Rabat - When the results of Morocco’s last parliamentary elections in October 7th were announced, nobody would have expected such a turn of events as the one we saw when Saad Eddine Othmani’s government was appointed.
Rabat – When the results of Morocco’s last parliamentary elections in October 7th were announced, nobody would have expected such a turn of events as the one we saw when Saad Eddine Othmani’s government was appointed.
On the day after the elections, former head of government and leader of Justice and Development Party (PJD), Abdelilah Benkirane, was hailed by supporters as the islamists victory was unprecedented in Moroccan parliamentary history.
For the first time a political party wins elections in the kingdom despite a clear and fierce competition by its main rival, the Party of Authenticity and Modernity (PAM).
Yet, the sweet taste of victory turned sour when Benkirane stumbled to form a coalition, thus replaced by his co-member Saad Eddine Othmani. The latter made concessions even his fellow PJD members saw as a staggering defeat.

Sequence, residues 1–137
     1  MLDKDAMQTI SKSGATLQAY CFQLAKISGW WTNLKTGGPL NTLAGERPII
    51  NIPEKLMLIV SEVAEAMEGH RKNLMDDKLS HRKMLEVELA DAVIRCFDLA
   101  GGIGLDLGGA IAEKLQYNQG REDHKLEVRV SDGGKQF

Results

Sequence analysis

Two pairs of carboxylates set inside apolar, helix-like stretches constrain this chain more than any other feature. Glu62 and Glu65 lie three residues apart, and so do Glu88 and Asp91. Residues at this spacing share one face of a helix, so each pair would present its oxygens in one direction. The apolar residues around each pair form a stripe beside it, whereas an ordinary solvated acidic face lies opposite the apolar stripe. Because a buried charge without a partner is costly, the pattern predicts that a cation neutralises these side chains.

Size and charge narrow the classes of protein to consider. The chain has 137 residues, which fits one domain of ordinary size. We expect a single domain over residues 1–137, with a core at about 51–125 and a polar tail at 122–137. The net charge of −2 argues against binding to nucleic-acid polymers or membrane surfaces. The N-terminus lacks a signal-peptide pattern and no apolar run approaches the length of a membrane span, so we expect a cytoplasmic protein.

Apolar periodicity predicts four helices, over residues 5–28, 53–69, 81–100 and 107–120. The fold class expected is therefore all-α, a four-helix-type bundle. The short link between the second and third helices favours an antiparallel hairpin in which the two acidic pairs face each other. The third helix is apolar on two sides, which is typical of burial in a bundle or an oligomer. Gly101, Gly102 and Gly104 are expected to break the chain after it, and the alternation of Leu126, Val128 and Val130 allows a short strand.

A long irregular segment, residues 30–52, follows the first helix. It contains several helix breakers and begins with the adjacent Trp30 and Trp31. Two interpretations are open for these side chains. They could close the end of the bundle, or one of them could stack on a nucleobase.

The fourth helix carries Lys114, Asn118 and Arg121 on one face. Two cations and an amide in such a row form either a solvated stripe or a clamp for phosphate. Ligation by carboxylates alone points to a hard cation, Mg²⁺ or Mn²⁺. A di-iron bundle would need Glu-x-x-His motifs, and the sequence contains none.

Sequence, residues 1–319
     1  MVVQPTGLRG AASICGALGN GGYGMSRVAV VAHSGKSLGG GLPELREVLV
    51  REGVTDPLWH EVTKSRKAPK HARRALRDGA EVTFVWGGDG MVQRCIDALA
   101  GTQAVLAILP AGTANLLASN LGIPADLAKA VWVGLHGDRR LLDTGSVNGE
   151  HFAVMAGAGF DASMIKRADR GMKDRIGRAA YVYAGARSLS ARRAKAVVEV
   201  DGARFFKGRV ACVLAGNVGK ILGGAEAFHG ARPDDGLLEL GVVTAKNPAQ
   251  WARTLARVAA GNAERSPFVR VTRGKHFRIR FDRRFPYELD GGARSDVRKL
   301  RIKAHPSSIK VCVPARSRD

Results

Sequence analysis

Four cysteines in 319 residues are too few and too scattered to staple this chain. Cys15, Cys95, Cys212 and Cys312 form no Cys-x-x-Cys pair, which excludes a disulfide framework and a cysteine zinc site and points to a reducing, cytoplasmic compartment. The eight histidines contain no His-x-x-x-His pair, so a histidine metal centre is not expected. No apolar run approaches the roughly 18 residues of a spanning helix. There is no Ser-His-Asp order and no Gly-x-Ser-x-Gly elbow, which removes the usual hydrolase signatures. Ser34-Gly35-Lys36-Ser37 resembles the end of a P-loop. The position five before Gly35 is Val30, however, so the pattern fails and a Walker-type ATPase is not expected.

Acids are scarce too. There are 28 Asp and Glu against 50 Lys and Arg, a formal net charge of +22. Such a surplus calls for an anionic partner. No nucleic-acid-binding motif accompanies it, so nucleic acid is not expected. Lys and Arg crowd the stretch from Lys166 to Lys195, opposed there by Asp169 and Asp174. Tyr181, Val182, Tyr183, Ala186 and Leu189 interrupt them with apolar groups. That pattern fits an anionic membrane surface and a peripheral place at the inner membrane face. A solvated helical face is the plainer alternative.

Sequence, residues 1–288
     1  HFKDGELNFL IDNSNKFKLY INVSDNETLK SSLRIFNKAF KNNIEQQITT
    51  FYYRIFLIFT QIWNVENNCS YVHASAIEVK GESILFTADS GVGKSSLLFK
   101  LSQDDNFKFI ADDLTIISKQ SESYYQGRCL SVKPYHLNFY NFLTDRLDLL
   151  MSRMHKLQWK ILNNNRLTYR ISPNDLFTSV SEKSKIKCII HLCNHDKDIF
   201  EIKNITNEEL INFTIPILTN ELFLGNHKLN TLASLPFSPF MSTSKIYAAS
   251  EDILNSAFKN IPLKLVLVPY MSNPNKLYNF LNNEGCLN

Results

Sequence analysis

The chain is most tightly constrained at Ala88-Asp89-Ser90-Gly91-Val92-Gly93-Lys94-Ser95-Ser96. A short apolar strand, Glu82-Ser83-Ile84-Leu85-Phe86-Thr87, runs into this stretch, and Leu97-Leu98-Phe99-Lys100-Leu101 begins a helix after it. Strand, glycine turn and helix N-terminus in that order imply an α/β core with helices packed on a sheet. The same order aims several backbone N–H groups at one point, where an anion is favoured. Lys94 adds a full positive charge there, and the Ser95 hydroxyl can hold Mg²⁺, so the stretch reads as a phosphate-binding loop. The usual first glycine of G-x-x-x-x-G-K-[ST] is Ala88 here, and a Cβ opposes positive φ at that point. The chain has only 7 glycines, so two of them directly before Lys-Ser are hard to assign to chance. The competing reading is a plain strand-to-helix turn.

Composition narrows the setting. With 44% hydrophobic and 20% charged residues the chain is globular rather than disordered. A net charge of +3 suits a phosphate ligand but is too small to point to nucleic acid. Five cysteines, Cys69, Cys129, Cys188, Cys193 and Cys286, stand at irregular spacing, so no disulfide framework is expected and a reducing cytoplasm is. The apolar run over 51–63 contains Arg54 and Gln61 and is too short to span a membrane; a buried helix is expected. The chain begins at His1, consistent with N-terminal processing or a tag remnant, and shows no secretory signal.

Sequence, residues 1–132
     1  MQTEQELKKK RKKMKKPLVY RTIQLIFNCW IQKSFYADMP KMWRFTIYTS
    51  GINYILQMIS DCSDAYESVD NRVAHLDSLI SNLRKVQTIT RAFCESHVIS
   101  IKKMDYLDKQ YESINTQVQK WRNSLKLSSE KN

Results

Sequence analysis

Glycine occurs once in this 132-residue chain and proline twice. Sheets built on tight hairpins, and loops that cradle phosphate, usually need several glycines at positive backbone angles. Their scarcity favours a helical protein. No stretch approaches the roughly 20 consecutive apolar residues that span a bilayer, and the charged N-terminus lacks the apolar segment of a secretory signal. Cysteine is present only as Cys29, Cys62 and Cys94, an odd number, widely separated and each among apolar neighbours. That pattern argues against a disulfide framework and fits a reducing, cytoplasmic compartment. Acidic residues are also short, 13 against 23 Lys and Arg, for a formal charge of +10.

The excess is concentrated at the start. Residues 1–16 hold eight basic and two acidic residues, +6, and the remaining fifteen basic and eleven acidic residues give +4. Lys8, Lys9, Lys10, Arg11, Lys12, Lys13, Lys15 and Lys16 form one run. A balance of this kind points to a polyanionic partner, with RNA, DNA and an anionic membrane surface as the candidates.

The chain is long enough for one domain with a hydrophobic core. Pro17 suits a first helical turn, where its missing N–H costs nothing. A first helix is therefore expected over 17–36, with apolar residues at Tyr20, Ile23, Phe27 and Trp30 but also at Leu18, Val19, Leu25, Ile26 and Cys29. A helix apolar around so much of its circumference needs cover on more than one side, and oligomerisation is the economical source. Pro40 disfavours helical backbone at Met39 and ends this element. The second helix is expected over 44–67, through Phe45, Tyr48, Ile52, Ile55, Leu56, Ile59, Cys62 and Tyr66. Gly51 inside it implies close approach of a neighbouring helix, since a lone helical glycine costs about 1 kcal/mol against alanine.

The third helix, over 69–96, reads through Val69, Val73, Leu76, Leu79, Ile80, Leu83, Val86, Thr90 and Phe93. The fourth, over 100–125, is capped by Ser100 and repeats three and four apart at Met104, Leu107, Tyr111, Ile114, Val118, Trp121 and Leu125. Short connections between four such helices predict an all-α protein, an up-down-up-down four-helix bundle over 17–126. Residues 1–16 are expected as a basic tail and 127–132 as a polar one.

This sense of defeated is now admitted by Abdelilah Benkirane. During a meeting of PJD’s youth organization on Saturday, he said, “this is a rough time for the party. We lost the battle.”
The islamists’ leader said PJD fell, but the question is whether it can get up.
Benkirane urged the party’s youth not to ask about the real reasons why the Socialist Union for Popular Forces Party (USFP), was admitted to Othmani’s government despite early rejection by PJD.
The former head of government defended party members’ right to voice their discontent, saying: “we can’t order anyone to silence. The party has to guarantee freedom of expression to its members.”
This is probably a clear indication that Benkirane himself is not happy with the outcome of the governmental negotiations, following his dismissal by king Mohamed VI, which led to the appointment of Othmani’s government.